- Request a Monthly Payment Plan– FTB offers monthly installment payment plans to taxpayers experiencing a financial hardship. Taxpayers who owe $25,000 or less and can repay their balance owed within five years generally qualify. For qualifications and to sign up, go to ftb.ca.gov and select installment agreement. Taxpayers can also apply by phone using our Interactive Voice Response (IVR) system .
- Get Answers to Frequently Asked Questions– Find answers to questions about various tax topics such as return filing requirements, tax credits, and the eligibility requirements for the Head of Household filing status online at ftb.ca.gov.
- Try Live Chat– Live Chat lets taxpayers ask an FTB representative general tax questions and get help with FTB’s website.
- Phone Service– FTB provides automated toll-free phone service. To speak with a customer service representative, FTB staffs its general toll-free phone line from 7 a.m. to 5 p.m., weekdays excluding state holidays.
- Field Offices– FTB has six regional field offices that provide walk-in service from 8 a.m. to 5 p.m., weekdays in Los Angeles, Oakland, Sacramento, San Diego, San Francisco, and Santa Ana. For directions, go to ftb.ca.gov and click on the Contact Us tab.
- Services Available in Spanish– FTB offers many services in Spanish including forms, publications, refund status, and answers to frequently asked questions.
- Volunteer Income Tax Assistance– Starting in February, free tax help is available through the Volunteer Income Tax Assistance and Tax Counseling for the Elderly Programs (VITA/TCE). Trained volunteers at more than 1,000 sites throughout California provide free help to complete tax forms for low-income, senior, disabled, and non-English speaking persons who need to file simple federal and state tax returns.
Many military bases provide this service for the U.S. Armed Forces. For information on locations throughout California, go to ftb.ca.gov and click on the free filing assistance link.
- Use tax – Taxpayers may owe use tax on purchases made from out-of-state or Internet sellers. Use tax can be reported on the California income tax return instead of filing a use tax return with the State Board of Equalization. Taxpayers can use a “look-up” table to report their use tax obligations. The estimated amount of use tax due is based on the person’s adjusted gross income. For more details, visit the BOE’s website at boe.ca.gov.
- Federal Earned Income Tax Credit (EITC)– This is a federal incentive for low-to-moderate income individuals and families. Taxpayers earning less than $51,567 can qualify for a “refundable” credit that can total up to $6,044. “Refundable” means that taxpayers do not have to have a tax liability to get a refund check from the federal government. Taxpayers can check if they qualify by visiting the IRS website at irs.gov and searching for EITC Assistant. California has no comparable state credit.
Changes for Businesses Filers
Geographically Targeted Economic Development Area (G-TEDA) Tax Incentives Repealed – The Governor’s 2013 Economic Development Initiative [Assembly Bill (AB) 93] repealed and made changes to all of the G-TEDA Tax Incentives. Enterprise Zones (EZ) and Local Agency Area Military Base Recovery Areas (LAMBRA) were repealed on January 1, 2014. The Targeted Tax Areas (TTA) and Manufacturing Enhancement Areas (MEA) both expired on December 31, 2012. AB 93 changed the credit carryover period to 10 years for any taxable year beginning on or after January 1, 2014. In addition, the EZ Employee Credit and the New Jobs Credit are also repealed as of January 1, 2014.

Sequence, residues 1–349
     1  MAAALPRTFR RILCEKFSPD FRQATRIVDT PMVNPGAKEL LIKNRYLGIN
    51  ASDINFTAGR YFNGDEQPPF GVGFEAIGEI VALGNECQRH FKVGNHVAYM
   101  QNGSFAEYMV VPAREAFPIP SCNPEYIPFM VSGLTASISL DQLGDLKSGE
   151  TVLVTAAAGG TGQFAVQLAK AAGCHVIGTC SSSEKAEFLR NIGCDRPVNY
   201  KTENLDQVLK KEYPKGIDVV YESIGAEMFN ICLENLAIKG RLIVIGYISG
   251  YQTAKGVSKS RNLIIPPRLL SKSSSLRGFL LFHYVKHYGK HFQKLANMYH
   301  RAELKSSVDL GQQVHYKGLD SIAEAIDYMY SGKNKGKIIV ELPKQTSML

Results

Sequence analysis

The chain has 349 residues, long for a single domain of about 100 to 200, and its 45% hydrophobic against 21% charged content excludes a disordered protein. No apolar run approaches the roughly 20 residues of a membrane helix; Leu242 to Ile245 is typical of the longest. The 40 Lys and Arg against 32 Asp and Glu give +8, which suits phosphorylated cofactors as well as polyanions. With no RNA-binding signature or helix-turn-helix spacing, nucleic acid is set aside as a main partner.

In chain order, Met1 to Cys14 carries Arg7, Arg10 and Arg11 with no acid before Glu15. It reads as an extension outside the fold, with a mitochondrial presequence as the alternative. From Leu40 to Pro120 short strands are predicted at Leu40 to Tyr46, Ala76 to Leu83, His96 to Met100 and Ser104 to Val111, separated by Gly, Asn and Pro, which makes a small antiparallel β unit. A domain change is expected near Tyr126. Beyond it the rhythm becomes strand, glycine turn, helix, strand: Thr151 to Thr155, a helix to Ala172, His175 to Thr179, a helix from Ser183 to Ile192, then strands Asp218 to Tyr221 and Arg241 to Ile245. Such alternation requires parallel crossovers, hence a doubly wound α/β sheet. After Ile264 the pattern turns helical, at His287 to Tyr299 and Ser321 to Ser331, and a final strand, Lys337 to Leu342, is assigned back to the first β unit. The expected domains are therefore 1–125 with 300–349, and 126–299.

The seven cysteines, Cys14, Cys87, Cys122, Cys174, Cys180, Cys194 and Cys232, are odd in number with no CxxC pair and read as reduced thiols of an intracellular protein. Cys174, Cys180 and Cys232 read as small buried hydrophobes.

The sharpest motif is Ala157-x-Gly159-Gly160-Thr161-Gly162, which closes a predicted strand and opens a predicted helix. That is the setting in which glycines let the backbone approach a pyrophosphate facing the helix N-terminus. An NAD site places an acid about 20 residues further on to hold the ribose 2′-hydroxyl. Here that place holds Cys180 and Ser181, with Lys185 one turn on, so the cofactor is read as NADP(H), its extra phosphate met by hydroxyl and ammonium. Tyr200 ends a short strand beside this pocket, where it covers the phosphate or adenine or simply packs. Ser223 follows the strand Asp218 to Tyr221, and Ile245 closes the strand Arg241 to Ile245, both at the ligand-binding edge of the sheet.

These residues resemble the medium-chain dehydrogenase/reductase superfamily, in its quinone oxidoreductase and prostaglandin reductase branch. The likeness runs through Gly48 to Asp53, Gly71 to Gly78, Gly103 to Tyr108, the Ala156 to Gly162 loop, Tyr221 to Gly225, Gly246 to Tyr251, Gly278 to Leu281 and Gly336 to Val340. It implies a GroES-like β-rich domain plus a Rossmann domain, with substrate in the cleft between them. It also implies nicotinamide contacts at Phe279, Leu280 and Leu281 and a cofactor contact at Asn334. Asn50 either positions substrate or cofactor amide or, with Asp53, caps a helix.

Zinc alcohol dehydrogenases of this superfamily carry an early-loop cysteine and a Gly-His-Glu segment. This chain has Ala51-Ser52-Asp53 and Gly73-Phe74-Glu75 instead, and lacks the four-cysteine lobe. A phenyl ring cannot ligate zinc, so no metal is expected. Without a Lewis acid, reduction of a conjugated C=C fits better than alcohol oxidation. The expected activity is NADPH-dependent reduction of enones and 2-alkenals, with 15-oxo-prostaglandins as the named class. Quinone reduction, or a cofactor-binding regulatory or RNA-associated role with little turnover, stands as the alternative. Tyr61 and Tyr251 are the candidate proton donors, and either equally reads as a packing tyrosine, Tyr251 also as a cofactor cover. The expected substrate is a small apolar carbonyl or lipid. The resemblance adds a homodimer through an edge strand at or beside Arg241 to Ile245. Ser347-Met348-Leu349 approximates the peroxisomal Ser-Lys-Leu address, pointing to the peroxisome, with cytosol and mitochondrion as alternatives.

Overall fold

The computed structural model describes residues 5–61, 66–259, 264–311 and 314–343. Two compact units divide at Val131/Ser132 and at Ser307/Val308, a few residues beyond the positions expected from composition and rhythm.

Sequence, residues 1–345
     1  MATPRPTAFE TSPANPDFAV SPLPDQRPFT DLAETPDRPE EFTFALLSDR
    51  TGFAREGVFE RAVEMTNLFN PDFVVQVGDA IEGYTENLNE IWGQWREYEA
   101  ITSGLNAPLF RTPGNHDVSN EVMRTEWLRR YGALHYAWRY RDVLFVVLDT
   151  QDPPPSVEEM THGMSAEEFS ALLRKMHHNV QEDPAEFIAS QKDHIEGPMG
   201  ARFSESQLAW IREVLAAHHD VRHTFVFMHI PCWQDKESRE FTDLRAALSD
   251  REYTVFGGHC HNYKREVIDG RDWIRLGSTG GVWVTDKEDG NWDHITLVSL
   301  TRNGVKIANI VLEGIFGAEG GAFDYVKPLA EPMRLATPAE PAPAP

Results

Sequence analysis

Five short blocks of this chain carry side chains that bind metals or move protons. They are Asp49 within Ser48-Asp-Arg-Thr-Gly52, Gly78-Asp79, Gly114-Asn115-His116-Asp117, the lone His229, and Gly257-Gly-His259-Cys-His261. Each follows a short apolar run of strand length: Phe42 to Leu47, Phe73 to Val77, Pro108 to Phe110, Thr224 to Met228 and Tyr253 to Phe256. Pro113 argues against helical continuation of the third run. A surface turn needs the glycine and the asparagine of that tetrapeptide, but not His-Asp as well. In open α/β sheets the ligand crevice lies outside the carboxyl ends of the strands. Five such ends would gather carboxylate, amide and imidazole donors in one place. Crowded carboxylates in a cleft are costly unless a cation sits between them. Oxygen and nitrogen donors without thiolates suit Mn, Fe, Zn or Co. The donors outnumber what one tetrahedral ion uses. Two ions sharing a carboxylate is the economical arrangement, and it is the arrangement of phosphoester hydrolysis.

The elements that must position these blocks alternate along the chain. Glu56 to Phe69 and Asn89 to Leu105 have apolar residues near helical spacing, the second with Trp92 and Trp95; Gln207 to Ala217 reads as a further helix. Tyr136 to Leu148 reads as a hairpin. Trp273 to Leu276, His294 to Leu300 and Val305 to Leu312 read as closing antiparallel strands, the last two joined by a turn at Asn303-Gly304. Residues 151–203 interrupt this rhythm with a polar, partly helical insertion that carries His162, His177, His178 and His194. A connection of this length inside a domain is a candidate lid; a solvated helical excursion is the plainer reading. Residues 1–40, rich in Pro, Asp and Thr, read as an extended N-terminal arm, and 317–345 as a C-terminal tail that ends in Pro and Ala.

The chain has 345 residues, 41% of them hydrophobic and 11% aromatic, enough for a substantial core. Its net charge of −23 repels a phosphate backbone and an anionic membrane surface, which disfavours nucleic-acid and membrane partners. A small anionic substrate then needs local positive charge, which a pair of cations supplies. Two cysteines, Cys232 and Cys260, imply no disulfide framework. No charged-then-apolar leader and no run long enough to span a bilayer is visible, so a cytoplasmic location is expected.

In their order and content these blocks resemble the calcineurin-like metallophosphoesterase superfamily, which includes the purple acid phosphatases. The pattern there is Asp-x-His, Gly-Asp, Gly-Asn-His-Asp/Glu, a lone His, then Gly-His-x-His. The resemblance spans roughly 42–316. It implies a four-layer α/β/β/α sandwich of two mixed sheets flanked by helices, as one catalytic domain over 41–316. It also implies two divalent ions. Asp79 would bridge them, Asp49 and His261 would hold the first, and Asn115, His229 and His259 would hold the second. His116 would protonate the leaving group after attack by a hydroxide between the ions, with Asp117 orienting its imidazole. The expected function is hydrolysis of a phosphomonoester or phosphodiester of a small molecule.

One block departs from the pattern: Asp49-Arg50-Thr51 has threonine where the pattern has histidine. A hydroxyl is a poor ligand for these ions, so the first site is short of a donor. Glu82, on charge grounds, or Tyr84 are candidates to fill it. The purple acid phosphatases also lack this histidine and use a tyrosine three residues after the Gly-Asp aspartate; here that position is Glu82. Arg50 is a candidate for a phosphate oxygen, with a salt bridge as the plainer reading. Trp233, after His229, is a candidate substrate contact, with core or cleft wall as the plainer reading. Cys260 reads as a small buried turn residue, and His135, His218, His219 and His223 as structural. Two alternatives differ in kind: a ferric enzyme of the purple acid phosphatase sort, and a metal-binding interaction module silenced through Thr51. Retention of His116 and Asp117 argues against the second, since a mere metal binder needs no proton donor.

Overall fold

More information on the Repeal of the G-TEDA tax incentives can be found on FTB’s Website.FTB’s website.
AB 93 replaces the G-TEDA tax incentives with the New Employment Credit (NEC), the California Competes Credit, and statewide partial sales and use tax exemption for certain manufacturing and research and development equipment.
The New Employment Credit (NEC) is a California income tax credit available to employers for taxable years beginning on or after January 1, 2014, and before January 1, 2021. To obtain a credit a qualified taxpayer must hire a qualified full-time employee on or after January 1, 2014, and pay qualified wages attributable to work performed by the employee in census tracts with the highest unemployment and poverty in the state, or in former EZs (except for census tracts with the lowest unemployment and poverty), or former Local Area Military Base Recovery Areas (LAMBRAs). For simplicity these are referred to as the designated geographic area (DGA).
Employers can determine whether a location is part of the DGA by using the DGA Mapping Tool.
The credit is based on 35 percent of qualified wages (wages between 150 percent and 350 percent of minimum wage).In order to generate an allowable credit, the qualified taxpayer must have a net increase in its total number of full-time employees working in California, when compared to its base year both based on annual full-time equivalents.
In addition, the taxpayer must receive a Tentative Credit Reservation (TCR) from the Franchise Tax Board (within 30 days of complying with the EDD new hire reporting requirement) for the qualified full-time employee. Employers can get a credit reservation by going here.
More information about the requirements for the New Employment Credit can be found here.
The California Competes Tax Credit is an income tax credit available to businesses that want to come to California or stay and grow in California. Tax credit agreements will be negotiated by the Governor’s Office of Business and Economic Development(GO-Biz) approved by a newly created “California Competes Tax Credit Committee.”
More information on the California Competes Credit can be found on GO-BIZ and FTB’s website.
Source: FTB Public Affairs Office